General Motors and Honda are looking to supercharge development of zero-emission vehicles.
The two companies have struck an agreement that will see the American and Japanese automakers collaborate on the development on the next-generation of battery technology.
Both companies will be aiming to create a battery that has a higher energy density and is smaller and quicker to charge than current batteries and to accelerate each company's electric car plans.
GM is set to build the battery systems which Honda would then source from the US carmaker. The joint venture will help lower the cost of electric vehicles for each manufacturer making it more likely that mass-produced electric cars can be brought to market sooner rather than later.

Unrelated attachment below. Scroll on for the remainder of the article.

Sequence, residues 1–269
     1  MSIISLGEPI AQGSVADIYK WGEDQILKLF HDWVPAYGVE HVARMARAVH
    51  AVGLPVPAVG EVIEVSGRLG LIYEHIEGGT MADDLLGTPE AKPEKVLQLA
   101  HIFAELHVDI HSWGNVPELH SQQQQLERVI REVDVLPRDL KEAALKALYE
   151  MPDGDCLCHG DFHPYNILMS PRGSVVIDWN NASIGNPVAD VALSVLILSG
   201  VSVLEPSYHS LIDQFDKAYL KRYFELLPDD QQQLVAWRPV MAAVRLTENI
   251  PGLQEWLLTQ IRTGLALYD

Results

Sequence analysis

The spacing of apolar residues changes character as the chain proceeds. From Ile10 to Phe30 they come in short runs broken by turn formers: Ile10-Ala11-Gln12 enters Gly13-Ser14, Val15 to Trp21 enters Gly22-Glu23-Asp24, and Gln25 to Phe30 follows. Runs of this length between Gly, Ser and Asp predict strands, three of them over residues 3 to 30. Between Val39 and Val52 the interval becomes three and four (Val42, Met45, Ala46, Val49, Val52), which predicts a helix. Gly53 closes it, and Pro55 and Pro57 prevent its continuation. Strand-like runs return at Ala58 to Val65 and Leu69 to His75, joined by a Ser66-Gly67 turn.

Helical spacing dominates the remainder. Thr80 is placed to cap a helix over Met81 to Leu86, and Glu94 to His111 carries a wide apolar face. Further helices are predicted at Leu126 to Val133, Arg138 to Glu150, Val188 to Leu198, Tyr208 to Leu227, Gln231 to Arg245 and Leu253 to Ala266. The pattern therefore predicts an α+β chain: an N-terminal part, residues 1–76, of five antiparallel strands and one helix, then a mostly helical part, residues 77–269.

"This new, multi-year agreement with Honda further demonstrates General Motors' capability to innovate toward a profitable electric portfolio," said Mark Reuss, GM executive vice president of global product development.
"GM's decades of electrification experience and strategic EV investments, alongside Honda's commitment to advancing mobility, will result in better solutions for our customers and progress on our zero emissions vision."
The two companies will also work together to develop hydrogen fuel cell technologies and vehicles by 2020. Honda was one of the first manufacturers to build a production version of a fuel cell vehicle with its Clarity in 2008.
General Motors produced the first modern electric in the mid-1990s, the GM EV1 (above), while Honda has previously sold hybrid vehicles like the Insight but no fully-electric cars yet. It has confirmed it will enter the segment with a production version of its Urban EV concept first displayed at last year's Frankfurt motor show (below).